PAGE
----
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U.S. Secretary of Commerce Gina Raimondo attends a press conference at the Boeing Shanghai Aviation Services near the Shanghai Pudong International Airport, in Shanghai.

The United States is trying to “choke” the Chinese regime’s military capacity and won’t let the “most sophisticated” chips be sold to the regime in Beijing, Commerce Secretary Gina Raimondo said in an interview that aired on Sept. 3.

Ms. Raimondo, whose department oversees export controls, was asked during an interview with NBC’s “Meet the Press” whether the United States will restrict the superconductor chips export to Beijing “in a way that China doesn’t feel we’re trying to choke their military technology.”

“We are trying to choke their military capacity,” Ms. Raimondo said. “So if they feel that, that means our strategy’s working.

“Certainly, on my watch, we are not going to sell the most sophisticated American chip to China that they want for their military capacity.”

Ms. Raimondo confirmed that the United States also will prevent its companies from selling the most advanced semiconductors to China. But she noted that such restrictions aren’t applied to “less sophisticated” chips.

“I do want to be clear,” she said. “We will also still continue to sell, you know, billions of dollars of chips a year to China because the vast majority of chips that are … not the leading edge, cutting edge that I’m talking about.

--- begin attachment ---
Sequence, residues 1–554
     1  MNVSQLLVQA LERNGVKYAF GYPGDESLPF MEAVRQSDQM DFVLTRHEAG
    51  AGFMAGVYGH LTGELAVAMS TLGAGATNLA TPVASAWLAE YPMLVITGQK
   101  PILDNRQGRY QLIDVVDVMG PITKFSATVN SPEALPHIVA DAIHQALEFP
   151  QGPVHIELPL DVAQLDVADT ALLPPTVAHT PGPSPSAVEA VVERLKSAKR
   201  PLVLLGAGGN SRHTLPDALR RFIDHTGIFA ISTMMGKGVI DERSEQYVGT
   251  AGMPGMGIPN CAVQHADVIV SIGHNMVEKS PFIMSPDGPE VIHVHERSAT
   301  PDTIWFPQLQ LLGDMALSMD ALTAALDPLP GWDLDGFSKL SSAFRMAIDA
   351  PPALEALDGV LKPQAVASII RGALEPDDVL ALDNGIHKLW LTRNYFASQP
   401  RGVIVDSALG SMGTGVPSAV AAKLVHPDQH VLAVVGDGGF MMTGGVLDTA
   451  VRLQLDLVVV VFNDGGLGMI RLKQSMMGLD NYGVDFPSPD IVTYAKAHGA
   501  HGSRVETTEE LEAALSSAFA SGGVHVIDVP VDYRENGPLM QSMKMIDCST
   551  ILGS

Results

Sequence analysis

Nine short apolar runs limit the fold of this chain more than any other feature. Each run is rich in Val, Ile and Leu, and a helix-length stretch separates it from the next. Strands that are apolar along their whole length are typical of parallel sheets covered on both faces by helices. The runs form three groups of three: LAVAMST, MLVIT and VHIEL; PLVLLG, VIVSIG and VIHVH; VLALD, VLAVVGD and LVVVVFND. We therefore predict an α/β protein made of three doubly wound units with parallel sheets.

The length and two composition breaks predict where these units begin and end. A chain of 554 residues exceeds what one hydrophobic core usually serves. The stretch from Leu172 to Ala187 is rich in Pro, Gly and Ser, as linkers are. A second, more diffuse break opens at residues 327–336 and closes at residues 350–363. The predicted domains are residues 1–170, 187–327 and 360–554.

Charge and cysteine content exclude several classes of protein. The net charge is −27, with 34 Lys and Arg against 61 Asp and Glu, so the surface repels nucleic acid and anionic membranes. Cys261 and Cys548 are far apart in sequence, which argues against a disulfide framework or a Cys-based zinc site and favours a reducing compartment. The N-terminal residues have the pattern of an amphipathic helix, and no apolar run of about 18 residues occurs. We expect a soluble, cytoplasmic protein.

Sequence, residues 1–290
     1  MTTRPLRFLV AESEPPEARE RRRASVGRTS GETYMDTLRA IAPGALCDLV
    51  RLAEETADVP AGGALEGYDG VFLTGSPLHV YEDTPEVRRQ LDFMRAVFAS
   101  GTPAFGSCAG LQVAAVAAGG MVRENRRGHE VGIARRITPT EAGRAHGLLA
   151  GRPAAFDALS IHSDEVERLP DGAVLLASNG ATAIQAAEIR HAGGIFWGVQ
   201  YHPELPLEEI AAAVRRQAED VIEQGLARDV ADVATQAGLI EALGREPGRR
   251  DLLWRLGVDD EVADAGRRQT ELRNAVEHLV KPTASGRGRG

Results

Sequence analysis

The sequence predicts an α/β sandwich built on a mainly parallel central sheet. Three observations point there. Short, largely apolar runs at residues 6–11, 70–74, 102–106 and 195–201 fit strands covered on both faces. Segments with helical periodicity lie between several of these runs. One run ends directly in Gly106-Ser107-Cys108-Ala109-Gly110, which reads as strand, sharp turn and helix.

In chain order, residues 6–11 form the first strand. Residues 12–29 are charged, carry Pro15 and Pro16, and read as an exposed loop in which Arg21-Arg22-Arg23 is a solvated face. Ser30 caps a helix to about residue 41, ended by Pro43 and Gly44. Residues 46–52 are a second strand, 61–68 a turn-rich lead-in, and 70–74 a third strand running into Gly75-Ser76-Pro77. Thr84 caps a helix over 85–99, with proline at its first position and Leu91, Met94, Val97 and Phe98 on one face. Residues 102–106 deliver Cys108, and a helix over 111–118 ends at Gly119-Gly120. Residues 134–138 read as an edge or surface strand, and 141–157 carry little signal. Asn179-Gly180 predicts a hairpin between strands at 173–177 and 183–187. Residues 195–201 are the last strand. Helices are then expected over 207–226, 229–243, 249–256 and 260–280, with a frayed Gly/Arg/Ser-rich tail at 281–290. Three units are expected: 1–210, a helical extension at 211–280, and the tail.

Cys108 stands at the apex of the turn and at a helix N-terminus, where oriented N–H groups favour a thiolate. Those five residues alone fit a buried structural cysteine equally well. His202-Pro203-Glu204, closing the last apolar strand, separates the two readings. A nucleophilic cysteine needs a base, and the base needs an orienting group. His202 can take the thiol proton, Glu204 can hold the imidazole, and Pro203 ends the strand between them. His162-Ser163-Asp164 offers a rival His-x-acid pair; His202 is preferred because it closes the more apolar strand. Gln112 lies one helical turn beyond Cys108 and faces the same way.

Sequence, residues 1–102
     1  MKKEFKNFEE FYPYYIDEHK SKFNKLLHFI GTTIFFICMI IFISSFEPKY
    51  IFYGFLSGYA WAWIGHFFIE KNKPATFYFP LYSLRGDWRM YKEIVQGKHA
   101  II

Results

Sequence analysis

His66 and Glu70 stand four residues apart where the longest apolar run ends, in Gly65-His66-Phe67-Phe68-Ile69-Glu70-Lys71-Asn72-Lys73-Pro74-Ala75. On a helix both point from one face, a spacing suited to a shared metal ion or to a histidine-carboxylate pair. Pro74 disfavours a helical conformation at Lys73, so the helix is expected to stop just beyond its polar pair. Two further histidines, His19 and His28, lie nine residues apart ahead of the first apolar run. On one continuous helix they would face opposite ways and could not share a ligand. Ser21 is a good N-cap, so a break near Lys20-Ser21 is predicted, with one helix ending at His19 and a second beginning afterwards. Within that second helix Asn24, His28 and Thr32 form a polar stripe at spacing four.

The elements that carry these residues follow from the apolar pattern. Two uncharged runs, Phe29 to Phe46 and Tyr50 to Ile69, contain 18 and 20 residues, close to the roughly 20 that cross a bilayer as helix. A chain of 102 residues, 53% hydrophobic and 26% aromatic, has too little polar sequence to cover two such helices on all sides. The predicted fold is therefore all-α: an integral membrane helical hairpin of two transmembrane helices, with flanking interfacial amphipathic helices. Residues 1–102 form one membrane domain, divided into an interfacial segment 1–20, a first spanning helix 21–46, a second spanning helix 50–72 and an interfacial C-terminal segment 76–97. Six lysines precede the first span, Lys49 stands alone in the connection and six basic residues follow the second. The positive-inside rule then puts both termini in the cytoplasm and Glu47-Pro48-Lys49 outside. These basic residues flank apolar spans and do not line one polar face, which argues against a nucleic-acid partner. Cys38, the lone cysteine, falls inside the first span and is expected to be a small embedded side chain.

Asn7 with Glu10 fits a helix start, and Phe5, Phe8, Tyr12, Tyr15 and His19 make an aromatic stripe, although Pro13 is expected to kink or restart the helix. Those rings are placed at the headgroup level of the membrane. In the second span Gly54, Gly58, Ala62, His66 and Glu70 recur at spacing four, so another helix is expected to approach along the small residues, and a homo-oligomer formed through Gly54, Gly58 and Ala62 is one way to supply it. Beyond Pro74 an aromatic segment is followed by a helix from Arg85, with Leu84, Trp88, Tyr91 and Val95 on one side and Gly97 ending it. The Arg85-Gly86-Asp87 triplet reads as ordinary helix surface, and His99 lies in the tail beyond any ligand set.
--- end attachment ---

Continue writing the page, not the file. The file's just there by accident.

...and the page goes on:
“That’s hard for people to accept. It’s kind of a nuanced, complex message and policy reality. But it is the reality because … export controls are about national security, not an economic advantage.”

Ms. Raimondo’s message came days after she returned from China. The U.S. commerce chief spent three days talking to the regime’s senior economic officials and American business representatives in Beijing and Shanghai. As a result, the two sides agreed to have regular dialogues by setting up a new “commercial issues” working group and a platform focusing on “export control enforcement information exchange.”
The trip also came after President Joe Biden signed an executive order last month to restrict investment in China’s semiconductors industry and other sensitive technologies. The order, which is likely to take effect next year, will prohibit American private equity and venture capital from flowing into China, funding the regime to advance its military and intelligence capabilities. The decision followed the U.S. semiconductor export controls to China, which were unveiled in October 2022.

The Chinese regime’s top officials, including Commerce Minister Wang Wentao and Vice Premier He Lifeng, conveyed Beijing’s displeasure about such restrictions during their recent meetings with Ms. Raimondo.

Ms. Raimondo said several times that there’s no room to compromise or negotiate on national security. She emphasized before leaving China that the new communication channels, which have already drawn criticism from Republicans, weren’t “to seek concessions, but it is an opportunity to share information and increase transparency.”

China's Premier Li Qiang (R) speaks with U.S. Commerce Secretary Gina Raimondo during their meeting in Beijing on Aug. 29, 2023. (Andy Wong/AFP via Getty Images)